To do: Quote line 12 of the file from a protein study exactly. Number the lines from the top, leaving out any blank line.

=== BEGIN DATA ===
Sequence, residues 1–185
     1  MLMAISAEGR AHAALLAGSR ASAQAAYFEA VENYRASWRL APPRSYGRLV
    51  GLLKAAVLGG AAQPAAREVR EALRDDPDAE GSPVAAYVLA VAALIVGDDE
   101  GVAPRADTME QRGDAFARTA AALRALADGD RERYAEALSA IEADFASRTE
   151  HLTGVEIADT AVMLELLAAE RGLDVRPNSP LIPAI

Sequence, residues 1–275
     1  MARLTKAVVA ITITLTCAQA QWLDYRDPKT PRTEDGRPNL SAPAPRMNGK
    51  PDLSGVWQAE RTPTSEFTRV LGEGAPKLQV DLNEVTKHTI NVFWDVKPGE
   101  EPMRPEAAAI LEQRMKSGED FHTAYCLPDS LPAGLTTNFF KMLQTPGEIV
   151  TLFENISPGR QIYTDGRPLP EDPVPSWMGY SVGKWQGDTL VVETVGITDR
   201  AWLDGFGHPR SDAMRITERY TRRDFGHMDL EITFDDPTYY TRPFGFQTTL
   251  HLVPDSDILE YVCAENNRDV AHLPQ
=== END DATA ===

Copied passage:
   251  HLVPDSDILE YVCAENNRDV AHLPQ